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null RAM Ratings reaffirms Dynasty Harmony’s AA3/Stable rating

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RAM Ratings reaffirms Dynasty Harmony’s AA3/Stable rating

11 Jan 2021 | Monday source: RAM Rating Services

RAM Ratings has reaffirmed the AA3/Stable rating of Dynasty Harmony Sdn Bhd’s (DHSB) RM165 mil Islamic Medium-Term Notes (IMTN) (2018/2033) under its RM300 mil IMTN Programme (2018/2036). To service its financing, DHSB (a funding vehicle) relies exclusively on residual cashflow from KP Mukah Development Sdn Bhd (KP Mukah) in the form of fixed quarterly dividends, after the latter has met its own operational and financial commitments. 
KP Mukah holds the 23-year concession agreement (CA) for the development and maintenance of a campus for Universiti Teknologi MARA (UiTM) in Mukah, Sarawak (the Project). Global Facilities Management Sdn Bhd (GFM) is the maintenance service provider. DHSB, KP Mukah, and GFM are wholly owned by GFM Services Berhad, a leading provider of integrated facilities management and consultancy services.
The reaffirmed rating is premised on the transaction’s stable cashflow, adequate liquidity and solid finance coverage. During the reviewed period, KP Mukah promptly received fixed monthly availability charges from its strong counterparty, i.e. the Government of Malaysia (GoM), through UiTM. That said, we note delays in the receipt of monthly maintenance service charges (MSCs) – inflows related to the maintenance and upkeep of the Project - as well as deductions of 13.25% in 2019 and 13.78% in 9M 2020 (albeit within RAM’s stressed assumption of 15%). While we understand two months of MSC payments have been withheld and under deliberation, the financial impact on KP Mukah (net of costs) has been minimal to date as the amounts deducted/withheld have been subtracted from monthly payments to GFM.
As at end-December 2019, KP Mukah’s finance service coverage ratio (FSCR) stood at 1.96 times (against RAM’s projected 1.62 times) while DHSB’s sub-FSCR came in at 1.73 times (projected: 1.51 times). These were supported by a steady RM44.83 mil of pre-financing cashflow from KP Mukah (fiscal 2018: RM41.35 mil). The outperformance was mainly due to higher working capital. Based on RAM’s analysis, KP Mukah’s FSCR (with cash balances and calculated in payment months) is envisaged to remain steady at a minimum of 1.71 times while DHSB’s sub-FSCR (with cash balances and calculated in payment months) ought to come up to at least 1.45 times throughout the tenure of the IMTN.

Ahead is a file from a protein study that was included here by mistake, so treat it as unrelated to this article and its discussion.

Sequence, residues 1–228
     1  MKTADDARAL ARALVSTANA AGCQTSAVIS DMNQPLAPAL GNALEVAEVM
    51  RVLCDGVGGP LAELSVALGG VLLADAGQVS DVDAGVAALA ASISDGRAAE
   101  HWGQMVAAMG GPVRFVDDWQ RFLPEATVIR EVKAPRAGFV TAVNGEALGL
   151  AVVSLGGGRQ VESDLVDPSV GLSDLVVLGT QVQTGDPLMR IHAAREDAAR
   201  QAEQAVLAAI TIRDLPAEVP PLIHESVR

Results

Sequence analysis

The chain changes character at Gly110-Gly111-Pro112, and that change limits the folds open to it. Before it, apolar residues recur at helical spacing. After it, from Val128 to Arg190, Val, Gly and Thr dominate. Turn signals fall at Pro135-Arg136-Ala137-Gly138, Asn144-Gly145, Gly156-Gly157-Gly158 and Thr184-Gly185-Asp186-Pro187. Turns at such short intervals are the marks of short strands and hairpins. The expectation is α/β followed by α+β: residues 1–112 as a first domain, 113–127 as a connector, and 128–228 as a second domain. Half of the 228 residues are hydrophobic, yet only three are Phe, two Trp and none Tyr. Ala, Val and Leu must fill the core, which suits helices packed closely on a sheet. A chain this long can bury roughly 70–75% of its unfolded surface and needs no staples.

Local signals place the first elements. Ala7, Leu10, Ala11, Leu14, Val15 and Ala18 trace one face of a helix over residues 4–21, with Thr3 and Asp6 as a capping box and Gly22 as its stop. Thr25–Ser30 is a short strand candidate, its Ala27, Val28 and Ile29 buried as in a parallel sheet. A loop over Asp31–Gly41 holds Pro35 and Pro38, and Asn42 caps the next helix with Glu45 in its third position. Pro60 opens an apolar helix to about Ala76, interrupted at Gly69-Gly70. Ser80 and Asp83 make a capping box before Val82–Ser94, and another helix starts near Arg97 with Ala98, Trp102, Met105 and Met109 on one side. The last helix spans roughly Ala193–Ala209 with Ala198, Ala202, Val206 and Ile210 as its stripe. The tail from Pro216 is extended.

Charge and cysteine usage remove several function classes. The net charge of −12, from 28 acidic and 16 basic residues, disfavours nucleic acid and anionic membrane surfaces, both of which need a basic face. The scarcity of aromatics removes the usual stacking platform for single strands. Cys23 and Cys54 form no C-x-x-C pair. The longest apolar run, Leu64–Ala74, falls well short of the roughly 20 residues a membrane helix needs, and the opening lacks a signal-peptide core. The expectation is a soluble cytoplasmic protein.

The IMTN is subordinated from the cashflow waterfall and security angles to KP Mukah’s operational and financial liabilities. The single largest debt at KP Mukah level is a loan from Bank Pembangunan Malaysia Berhad (BPMB). The IMTN holders will only be entitled to profit payments in the first 10 years while principal repayment will begin in December 2028, after the full redemption of the BPMB facility. Nonetheless, KP Mukah and DHSB are closely aligned from a credit perspective as the former is the sole source of repayment for the financing obligations of BPMB and DHSB. Meanwhile, a tight financing structure and restrictive covenants for KP Mukah and DHSB (including no additional loans, limits on cost increases, and operation of designated accounts by the security trustee) minimise potential cashflow leakage. 
The rating is moderated by potentially volatile profit rates due to KP Mukah’s floating-rate liabilities. The transaction is also exposed to the risk of CA termination, which may arise if deductions exceed 25% of the monthly asset-management service charges for three consecutive months. This is, however, deemed unlikely owing to the low-to-moderate complexity of the maintenance work. Should termination occur, compensation from the GoM will not cover the IMTN as it will only address the outstanding amount under the BPMB facility.
Analytical contact
Liew Kar Ling
(603) 3385 2586
Media contact
Padthma Subbiah
(603) 3385 2577
Date of release: 11 January 2021
The credit rating is not a recommendation to purchase, sell or hold a security, inasmuch as it does not comment on the security’s market price or its suitability for a particular investor, nor does it involve any audit by RAM Ratings. The credit rating also does not reflect the legality and enforceability of financial obligations.
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